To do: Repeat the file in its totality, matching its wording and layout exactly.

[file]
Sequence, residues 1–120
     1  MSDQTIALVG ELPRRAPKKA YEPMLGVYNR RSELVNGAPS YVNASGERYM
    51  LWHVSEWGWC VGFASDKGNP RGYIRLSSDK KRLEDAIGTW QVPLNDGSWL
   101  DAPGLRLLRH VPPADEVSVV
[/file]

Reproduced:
Sequence, residues 1–120
     1  MSDQTIALVG ELPRRAPKKA YEPMLGVYNR RSELVNGAPS YVNASGERYM
    51  LWHVSEWGWC VGFASDKGNP RGYIRLSSDK KRLEDAIGTW QVPLNDGSWL
   101  DAPGLRLLRH VPPADEVSVV